Extension notes is written by K-State Extension of Harvey County extension agents Scott Eckert, Susan Jackson and Ryan Flaming. They focus on horticulture and agriculture.
Fescue is relatively drought-tolerant, but needs to be watered during the summer to keep it green. Avoid spring watering unless the lawn begins to wilt. Unnecessary spring watering reduces summer drought resistance and contributes to excessive growth, disease and weeds.
During dry summer weather, grass will have to be watered once or twice a week with a total of 1 to 1 1/2 inches of water applied per week. Morning watering is best. In the fall, water every other week if the weather is dry. A good soaking before winter is also helpful.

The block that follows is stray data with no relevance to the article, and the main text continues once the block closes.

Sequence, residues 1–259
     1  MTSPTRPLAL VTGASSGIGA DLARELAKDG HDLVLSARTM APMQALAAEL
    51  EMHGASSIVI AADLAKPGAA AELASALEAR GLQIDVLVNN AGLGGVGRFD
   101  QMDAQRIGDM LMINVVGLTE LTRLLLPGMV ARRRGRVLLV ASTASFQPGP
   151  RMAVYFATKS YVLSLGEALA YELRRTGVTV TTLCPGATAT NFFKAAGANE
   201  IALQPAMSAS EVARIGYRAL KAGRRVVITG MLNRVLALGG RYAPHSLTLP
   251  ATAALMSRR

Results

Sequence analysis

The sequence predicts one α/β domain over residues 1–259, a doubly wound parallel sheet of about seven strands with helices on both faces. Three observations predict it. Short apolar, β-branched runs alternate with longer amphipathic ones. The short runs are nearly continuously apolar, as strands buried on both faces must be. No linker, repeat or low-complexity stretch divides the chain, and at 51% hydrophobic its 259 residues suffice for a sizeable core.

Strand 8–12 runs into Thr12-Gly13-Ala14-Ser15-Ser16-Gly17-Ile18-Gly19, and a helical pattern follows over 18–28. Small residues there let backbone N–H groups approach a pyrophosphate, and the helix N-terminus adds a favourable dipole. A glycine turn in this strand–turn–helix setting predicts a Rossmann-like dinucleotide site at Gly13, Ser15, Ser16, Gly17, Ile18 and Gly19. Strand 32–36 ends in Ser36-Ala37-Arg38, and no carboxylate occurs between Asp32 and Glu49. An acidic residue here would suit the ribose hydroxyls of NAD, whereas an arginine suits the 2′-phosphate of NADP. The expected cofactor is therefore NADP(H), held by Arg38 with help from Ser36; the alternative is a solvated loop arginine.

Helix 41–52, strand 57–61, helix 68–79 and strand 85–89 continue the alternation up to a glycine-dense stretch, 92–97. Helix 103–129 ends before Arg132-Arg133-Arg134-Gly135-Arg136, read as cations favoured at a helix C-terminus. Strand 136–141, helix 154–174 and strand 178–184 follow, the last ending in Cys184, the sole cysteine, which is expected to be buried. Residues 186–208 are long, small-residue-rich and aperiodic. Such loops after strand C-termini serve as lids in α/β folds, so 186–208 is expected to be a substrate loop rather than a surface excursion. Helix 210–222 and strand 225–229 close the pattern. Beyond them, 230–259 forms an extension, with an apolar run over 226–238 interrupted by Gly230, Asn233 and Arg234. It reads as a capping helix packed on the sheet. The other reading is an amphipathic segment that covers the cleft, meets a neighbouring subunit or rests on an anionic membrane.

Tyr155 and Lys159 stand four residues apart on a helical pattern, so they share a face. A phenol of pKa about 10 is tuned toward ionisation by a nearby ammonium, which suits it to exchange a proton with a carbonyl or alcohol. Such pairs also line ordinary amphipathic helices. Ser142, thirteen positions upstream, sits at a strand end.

Apply the water at a rate that can be absorbed by the soil. Sprinklers vary in how fast they apply water; they can be checked by placing several flat-bottomed, straight sided containers on the lawn and then turning on the water for an hour. The average height, in inches, of water collected in the containers is the rate at which the sprinklers apply water in inches per hour. By performing this test, it can always be determined how long to run a sprinkler to apply a given amount of water.
Avoid watering every day, or even every other day, except for a newly seeded lawn. Besides wasting water, frequent watering causes shallow roots, disease and weed invasion. Watering should only be done when needed.
— Scott Eckert is a Kansas State Research and Extension Agent for Harvey County. Horticulutre is his specialty.